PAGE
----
It hasn’t been a good week for Everton Football Club.
Beaten at home by Swansea City, out of the League Cup, primarily due to a horrendous second half performance but admirably aided and abetted by Martin Atkinson and Manchester City.
With some of the most talented players we’ve had in years in disarray and the manager in denial, seemingly unable to comprehend the statistical evidence indicating a crisis, Everton supporters are witnessing what has been described as their best team in a generation disintegrate in front of their eyes.
Meanwhile, matters off the pitch are little better. A PR disaster was assured following Everton’s decision to invite chancellor George Osbourne to Finch Farm. The man responsible for draconian cuts to services to the City of Liverpool received with open arms by Robert Elstone’s deputy and CEO of EiTC, Denise Barrett-Baxendale.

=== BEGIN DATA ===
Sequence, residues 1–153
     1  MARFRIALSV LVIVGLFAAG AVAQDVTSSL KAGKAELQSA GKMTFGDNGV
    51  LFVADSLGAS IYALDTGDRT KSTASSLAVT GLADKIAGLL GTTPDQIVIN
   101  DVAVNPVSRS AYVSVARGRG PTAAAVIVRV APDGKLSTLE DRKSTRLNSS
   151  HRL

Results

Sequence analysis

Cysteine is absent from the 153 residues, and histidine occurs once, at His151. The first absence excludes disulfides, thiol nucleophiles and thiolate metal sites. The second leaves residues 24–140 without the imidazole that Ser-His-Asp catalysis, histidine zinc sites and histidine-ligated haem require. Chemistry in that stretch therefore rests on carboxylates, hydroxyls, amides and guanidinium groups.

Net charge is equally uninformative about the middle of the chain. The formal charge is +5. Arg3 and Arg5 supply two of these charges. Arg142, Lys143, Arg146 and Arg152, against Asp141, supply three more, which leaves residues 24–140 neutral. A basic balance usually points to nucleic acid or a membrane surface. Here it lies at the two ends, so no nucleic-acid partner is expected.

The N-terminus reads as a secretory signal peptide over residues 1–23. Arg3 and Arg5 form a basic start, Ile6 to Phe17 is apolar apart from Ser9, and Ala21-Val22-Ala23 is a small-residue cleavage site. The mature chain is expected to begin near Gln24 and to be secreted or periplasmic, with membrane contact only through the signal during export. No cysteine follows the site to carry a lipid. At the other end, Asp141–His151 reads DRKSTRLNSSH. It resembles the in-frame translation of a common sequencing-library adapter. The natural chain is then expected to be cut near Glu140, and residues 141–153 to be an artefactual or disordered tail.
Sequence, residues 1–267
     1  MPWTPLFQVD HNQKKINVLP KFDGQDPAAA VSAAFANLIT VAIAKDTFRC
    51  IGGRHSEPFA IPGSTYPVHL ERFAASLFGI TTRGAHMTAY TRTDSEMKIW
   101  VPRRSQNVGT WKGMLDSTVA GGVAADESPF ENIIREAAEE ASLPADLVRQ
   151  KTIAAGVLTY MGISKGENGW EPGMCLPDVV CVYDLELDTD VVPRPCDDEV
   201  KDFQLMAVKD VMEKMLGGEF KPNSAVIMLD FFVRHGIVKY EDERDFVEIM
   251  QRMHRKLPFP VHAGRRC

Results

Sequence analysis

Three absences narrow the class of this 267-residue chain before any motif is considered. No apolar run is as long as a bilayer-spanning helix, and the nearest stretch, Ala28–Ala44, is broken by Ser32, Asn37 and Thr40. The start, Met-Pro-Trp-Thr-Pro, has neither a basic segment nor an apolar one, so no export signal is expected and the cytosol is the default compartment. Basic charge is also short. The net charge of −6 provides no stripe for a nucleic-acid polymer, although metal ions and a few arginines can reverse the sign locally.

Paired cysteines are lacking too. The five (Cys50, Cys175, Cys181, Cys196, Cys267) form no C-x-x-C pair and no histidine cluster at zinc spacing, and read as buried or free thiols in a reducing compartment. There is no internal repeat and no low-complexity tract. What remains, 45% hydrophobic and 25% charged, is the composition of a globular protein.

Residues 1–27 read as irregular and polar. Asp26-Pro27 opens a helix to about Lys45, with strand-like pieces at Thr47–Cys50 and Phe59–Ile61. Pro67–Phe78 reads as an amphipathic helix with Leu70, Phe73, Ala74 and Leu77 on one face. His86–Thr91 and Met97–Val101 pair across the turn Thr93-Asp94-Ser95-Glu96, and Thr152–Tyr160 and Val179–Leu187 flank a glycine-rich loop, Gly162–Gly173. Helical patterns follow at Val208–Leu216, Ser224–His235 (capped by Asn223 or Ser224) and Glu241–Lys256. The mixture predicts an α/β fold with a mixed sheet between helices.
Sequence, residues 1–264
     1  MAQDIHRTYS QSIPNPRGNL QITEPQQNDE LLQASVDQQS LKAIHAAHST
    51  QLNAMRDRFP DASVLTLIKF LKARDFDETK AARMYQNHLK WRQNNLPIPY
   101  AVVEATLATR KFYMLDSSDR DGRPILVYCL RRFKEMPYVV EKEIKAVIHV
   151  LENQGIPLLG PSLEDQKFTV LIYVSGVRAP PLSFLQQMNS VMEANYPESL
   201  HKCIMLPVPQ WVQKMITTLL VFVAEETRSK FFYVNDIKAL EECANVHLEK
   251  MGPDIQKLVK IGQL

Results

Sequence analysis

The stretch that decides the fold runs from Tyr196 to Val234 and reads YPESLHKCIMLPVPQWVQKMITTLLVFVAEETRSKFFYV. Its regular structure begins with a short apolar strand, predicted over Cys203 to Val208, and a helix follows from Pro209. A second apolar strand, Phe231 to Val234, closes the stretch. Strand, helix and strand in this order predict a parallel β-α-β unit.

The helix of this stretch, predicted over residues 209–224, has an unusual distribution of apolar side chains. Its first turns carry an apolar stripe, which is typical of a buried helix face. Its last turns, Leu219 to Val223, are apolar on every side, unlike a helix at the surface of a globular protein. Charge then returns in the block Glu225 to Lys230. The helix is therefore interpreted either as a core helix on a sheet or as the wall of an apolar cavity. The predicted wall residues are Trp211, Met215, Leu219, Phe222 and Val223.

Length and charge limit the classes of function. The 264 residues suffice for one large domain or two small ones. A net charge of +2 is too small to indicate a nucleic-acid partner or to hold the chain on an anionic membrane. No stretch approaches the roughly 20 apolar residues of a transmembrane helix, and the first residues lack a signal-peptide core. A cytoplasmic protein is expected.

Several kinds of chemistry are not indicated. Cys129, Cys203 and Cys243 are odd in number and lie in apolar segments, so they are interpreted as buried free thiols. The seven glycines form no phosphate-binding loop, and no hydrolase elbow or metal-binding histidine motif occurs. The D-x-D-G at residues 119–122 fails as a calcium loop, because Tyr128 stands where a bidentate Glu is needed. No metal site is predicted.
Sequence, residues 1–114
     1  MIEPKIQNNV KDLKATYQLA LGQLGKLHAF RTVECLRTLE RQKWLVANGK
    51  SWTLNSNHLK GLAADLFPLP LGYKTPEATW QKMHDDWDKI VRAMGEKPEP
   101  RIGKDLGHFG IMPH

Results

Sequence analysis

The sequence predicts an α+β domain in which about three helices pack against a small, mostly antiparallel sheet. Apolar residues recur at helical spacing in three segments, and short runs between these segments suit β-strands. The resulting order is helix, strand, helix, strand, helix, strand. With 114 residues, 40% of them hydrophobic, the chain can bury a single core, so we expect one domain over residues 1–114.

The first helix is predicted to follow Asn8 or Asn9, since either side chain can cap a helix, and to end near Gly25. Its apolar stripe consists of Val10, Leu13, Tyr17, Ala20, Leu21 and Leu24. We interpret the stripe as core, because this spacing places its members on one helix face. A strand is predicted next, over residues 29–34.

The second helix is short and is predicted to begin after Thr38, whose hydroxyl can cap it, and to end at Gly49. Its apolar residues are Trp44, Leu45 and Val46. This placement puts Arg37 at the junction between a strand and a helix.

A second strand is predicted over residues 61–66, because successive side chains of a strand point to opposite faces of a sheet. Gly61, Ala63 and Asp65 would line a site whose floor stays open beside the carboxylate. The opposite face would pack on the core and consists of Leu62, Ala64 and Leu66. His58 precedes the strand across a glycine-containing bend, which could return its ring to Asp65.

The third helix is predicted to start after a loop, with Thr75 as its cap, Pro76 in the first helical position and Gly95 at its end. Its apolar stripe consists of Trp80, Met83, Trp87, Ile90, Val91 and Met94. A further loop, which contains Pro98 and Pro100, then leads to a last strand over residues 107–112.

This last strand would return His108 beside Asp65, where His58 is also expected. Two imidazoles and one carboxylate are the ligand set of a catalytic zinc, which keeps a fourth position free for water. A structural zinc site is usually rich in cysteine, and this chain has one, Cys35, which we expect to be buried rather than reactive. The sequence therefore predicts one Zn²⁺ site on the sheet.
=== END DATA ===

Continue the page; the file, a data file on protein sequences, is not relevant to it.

The reason behind the visit was very valid. Sport Relief is an excellent cause. But the invite of Osbourne further highlights how out of touch the people making decisions at the club have become with you and I.
Yes, without doubt, a terrible week, hard to believe that it could get any worse but of course, this being Everton, you could almost guarantee it.
Incredibly, Everton has ostracised its Shareholders Association, the watchdogs of the club whose exsitence, raison d’être, since before the second world war, is to safeguard the club for all shareholders and fans alike. To ensure that directors act in the best interests of the club as a whole.